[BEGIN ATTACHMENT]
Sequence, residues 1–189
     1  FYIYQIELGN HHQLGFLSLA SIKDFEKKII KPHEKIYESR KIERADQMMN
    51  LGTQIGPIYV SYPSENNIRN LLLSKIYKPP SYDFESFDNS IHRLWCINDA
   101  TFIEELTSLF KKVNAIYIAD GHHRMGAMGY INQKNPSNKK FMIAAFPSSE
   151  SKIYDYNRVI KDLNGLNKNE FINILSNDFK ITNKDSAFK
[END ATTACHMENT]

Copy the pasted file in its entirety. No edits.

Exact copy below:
Sequence, residues 1–189
     1  FYIYQIELGN HHQLGFLSLA SIKDFEKKII KPHEKIYESR KIERADQMMN
    51  LGTQIGPIYV SYPSENNIRN LLLSKIYKPP SYDFESFDNS IHRLWCINDA
   101  TFIEELTSLF KKVNAIYIAD GHHRMGAMGY INQKNPSNKK FMIAAFPSSE
   151  SKIYDYNRVI KDLNGLNKNE FINILSNDFK ITNKDSAFK